Three additional “evergreen” urban mission-related articles round out the issue. You will notice their relevance to the issues surrounding #churchtoo, however, such as a lived theology of power in a diverse church, or the kenosis dynamic in the giving up of power that is at the heart of mentoring and discipleship:
- Dave Park writes about the intergenerational conflicts and losses that have characterized life in the Korean American immigrant church, and seeks a hopeful path forward in “Healing from the Bitter Past: A New Way Forward for the Korean American Church.”
- Bill Krispin shares lessons on mentoring from his decades of experience in urban ministry in his article, “Mentoring: Raising Up Leaders for the Harvest.”
- In “Case Study: Global Outreach in an Urban World,” two other longtime practitioners, Ernest McNear and Lin Crowe, offer a case study of global missions work carried out by the Church of God in Christ, and Pentecostalism in general, as an example of how the urban church in US might chart its way forward in light of the growing transnational missionary opportunities they have. They focus on the story of Bishop McNear’s ministry to share their insights.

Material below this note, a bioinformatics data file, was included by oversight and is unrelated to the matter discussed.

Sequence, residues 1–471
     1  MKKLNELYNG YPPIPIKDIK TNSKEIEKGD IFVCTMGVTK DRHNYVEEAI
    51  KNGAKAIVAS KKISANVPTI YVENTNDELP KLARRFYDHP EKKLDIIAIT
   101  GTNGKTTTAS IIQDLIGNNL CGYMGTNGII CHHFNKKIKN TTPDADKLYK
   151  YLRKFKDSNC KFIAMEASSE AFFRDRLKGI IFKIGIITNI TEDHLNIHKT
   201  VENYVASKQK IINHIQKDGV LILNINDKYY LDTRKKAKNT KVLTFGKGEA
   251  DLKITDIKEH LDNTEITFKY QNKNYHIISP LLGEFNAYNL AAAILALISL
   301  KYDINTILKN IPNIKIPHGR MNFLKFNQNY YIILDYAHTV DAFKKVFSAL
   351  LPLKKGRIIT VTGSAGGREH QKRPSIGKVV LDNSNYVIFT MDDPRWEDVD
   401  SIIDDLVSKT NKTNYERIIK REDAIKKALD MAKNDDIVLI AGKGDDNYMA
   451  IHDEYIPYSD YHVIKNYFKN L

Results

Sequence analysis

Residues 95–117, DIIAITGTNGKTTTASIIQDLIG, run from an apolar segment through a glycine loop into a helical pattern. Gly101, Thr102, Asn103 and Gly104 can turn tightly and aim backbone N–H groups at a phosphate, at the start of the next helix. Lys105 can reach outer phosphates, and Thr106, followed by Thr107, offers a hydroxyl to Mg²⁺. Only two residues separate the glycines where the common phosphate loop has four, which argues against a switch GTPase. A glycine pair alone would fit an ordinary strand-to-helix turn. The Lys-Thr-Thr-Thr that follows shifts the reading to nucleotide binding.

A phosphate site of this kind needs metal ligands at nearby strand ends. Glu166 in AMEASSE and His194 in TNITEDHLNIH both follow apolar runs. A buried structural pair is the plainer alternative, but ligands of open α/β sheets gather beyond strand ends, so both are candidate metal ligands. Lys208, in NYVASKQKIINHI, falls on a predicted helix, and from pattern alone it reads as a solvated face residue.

As those of us in the US emerge out to the other side of the pandemic shut-downs, may we take this opportunity to reimagine how we do church, especially in the area of power and authority structure, to become remade to a body that is more faithful to, and fit for, the mission the Lord has for us here and now. May there be healing for victims of leadership abuse, reform in the church and Christian institutions, and glory to the God who calls us to join him on his mission of redemption.
Susan S. Baker